Sunday, January 2, 2011

Books to Movies

Wow, how time flies during the holidays!  I just noticed that I haven't posted since just before Thanksgiving, and it only seems like yesterday.  I have to admit that, over the Winter Break, I watched more movies than read books.  However, I noticed that many of the movies were adaptations of popular books, which brings me to the topic of today's Blog!

When it comes to choosing whether or not to read the book before seeing the movie, people seem to be solidly in one of two camps.  Since the book always comes out first, most people will see the movie afterwards.  However, I'm in the other camp.  I'd rather see the movie, then read the book because, invariably, the book enriches the story and usually fills in the blanks that can't be covered in an average 2-hour film.  In my opinion, there's nothing worse than reading a fantastic book, then seeing how some screenwriter totally destroyed it to meet Hollywood's (sub?)standards.  If I've already read the book and liked it, I'll usually skip the movie rather than waste my hard-earned money to be disappointed.

For instance, one of my favorite books as a teen was Colleen McCullough's The Thornbirds.  At 700+ pages, it was a long read, but I enjoyed it so much that I read it three times.  (Ahh, to have that much free time today!)  Six years later, it was made into a television mini-series starring Richard Chamberlain (the actor I envisioned in the role) and Rachel Ward (a lousy actress who couldn't handle the task of playing Meggie, in my opinion).  I was glad that they employed the mini-series format because there was no way this story could be told in a single movie.  The story was left pretty much intact, but there were a few major plot points that were entirely changed (to the detriment of the film).  You wouldn't paint over the Mona Lisa, so why mess with a literary masterpiece?

However, there are times when books are so convoluted, surreal, or philosophical that committing them to film and giving us poor readers visuals is the only way to really make sense of them, albeit with one person's vision.  The book/film that instantly comes to mind is John Fowles' The French Lieutenant's Woman with Meryl Streep and Jeremy Irons.  Since the author himself offers up three separate endings to the story, no harm is done if the movie maker picks only one.  This book, by the way, was chosen by TIME Magazine as "one of the one hundred best English-language novels from 1923 to present."

So, what did I watch over vacation?  One was Eat, Pray, Love by Elizabeth Gilbert, starring Julia Roberts and Javier Bardem.  I didn't care for it as much as I had hoped, and I definitely felt that there were pieces of the puzzle missing.  I'll be reading the novel soon since just about every woman on the planet has by now, and I figure there must be more to the story than the screenwriter/director Ryan Murphy was telling us.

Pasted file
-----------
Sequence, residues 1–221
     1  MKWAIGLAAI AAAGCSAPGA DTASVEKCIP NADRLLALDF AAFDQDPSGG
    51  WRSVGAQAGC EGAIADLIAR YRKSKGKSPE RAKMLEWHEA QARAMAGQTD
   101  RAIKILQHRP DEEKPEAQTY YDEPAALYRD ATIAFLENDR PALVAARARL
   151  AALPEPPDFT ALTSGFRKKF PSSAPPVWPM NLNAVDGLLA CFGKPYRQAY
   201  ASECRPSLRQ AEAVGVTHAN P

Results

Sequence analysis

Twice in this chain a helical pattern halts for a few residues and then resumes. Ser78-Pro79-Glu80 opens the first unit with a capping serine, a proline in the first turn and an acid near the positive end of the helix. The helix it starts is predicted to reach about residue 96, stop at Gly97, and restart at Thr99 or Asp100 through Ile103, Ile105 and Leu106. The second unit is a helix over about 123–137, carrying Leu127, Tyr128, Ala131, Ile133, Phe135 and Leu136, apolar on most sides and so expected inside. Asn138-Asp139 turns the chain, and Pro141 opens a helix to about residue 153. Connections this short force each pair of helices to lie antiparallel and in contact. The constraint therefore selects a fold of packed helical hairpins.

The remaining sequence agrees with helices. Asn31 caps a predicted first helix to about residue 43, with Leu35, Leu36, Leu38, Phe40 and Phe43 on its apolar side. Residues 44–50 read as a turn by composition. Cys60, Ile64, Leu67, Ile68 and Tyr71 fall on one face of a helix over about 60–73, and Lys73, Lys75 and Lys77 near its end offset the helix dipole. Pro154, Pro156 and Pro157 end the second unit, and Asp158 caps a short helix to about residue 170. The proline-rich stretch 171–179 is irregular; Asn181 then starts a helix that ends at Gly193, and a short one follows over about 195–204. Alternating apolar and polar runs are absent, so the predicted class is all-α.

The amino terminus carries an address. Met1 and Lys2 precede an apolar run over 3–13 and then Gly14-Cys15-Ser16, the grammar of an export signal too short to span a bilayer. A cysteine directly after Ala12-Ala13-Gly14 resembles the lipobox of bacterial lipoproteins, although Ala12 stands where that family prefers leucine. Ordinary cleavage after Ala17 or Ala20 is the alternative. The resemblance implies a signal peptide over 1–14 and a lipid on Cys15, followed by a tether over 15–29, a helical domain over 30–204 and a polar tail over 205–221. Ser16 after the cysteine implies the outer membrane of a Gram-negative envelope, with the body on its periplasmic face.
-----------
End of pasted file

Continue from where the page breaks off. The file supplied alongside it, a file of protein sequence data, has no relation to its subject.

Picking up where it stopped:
The other movie was a piece of light-hearted fare on Lifetime called Sunday at Tiffany's.  Surprisingly, it's written by James Patterson (the writer better known for his thrillers and, to kids, for his Maximum Ride series).  I say "surprisingly" because this one is a romantic fantasy!  For this adaptation, I may not read the book because I thoroughly enjoyed the movie (yes, romances are my guilty pleasure) and, after reading a plot summary of the novel, it sounds much darker and sadder than the film.  However, I just took time to look at reader comments online, and it sounds as if the book, although vastly different than the movie, is an excellent read.  What I don't get is why they used James Patterson's name if it was so loosely adapted by someone else (as if "inspired" by his novel).  Generally, other readers who watched the movie first also liked the book but those in the other camp (who read the book first) were very disappointed and were asking for a better, truer adaptation in the future.

So, what can students take from this discussion?  A lot of things!  One, if you're going to cheat and watch the movie instead of reading the assigned book, you're taking a big risk!  LOL!  Two, if you watch a movie you really like, see if it's an adapted rather than an original screenplay and then read the book from which the story is taken.  There may even be a written sequel (or two or three).  Three, if you read a book (like the Twilight or Harry Potter series), you'll either love the movies no matter what or may be very disappointed by the director's vision.  Remember: the beauty of a well-written book is in its ability to let the reader imagine the scene, to invoke our emotions, and to leave our lives enriched...and perhaps wanting more! 

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